Steve Lopez: The shame of being a Dodgers fan is over
But stop for a moment and ask yourself why everyone loves the former Lakers hero.
Because he's a sharp dresser?
Because of the 10,000-watt smile?
No, because he was a winner, once.
If it's August and the Dodgers are nine games under .500 and 17 games out, are you still going to be turning flips over Johnson being part of a team of new owners?
For all the talk of Johnson knowing how to build community, the best way in this case will be to build a team. And for that, of course, he'll have a true baseball man -- Stan Kasten, the former Atlanta Braves architect.
Yo Magic and Stan, can Loney hit at first? Does Uribe fit the bill at third, even though he walks as if he's my age? Is that crybaby Ethier ever going to get out of his own head in right?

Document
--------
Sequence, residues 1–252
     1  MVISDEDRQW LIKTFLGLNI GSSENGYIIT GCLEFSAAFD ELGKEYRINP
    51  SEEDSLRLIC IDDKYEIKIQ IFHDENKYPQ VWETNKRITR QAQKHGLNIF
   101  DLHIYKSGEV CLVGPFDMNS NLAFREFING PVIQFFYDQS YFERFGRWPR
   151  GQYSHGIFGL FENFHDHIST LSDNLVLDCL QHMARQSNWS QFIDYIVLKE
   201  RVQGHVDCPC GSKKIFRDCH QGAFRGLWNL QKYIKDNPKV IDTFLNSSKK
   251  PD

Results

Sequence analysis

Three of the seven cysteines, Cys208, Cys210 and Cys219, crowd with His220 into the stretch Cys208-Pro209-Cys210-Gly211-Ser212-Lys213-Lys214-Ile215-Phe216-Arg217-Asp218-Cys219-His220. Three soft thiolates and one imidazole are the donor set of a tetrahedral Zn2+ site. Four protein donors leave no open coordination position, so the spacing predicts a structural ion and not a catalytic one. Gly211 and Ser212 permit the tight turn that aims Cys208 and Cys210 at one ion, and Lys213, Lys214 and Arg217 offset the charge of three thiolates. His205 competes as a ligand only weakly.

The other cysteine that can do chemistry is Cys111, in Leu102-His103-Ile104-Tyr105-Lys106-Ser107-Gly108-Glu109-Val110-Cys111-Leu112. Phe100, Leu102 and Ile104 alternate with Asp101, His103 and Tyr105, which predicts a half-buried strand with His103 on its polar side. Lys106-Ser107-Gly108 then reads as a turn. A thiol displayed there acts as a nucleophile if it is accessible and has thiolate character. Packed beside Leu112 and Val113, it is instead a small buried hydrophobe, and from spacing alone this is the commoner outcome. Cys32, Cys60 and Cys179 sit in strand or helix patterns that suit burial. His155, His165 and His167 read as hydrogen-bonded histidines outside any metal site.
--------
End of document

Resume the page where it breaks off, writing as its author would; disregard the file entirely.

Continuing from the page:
And after putting up an astronomical $2 billion, will the Chicago-based Guggenheim Partners -- the new controlling owners -- have enough left over to go after some talent?
Are they going to earn back that $2 billion by gouging us at the concession stands?
What are tickets going to cost the first time they get a chance to play with that?
Time will tell. For now, at least, I can go to Dodger Stadium without a bag over my head. Just a couple of lingering concerns:
First, trust me, it doesn't always work out so well when big guns from Chicago come in and buy an L.A. institution. A smart-looking investor could turn out to be nothing but a hatchet man. So let's not be too quick to roll out the red carpet before we get a good look at these guys.
Second, on the dark side of this deal, McCourt is part of a joint venture to buy some Chavez Ravine property for future development.
That's right. The man who sullied a franchise and drained it into bankruptcy while buying enough mansions to house everyone in the left-field bleachers is still in the game.
And I'm ready to take batting practice.
-- Steve Lopez
Photo: Magic Johnson knows how to build community, and now he'll have to build a team. Credit: Al Seib / Los Angeles Times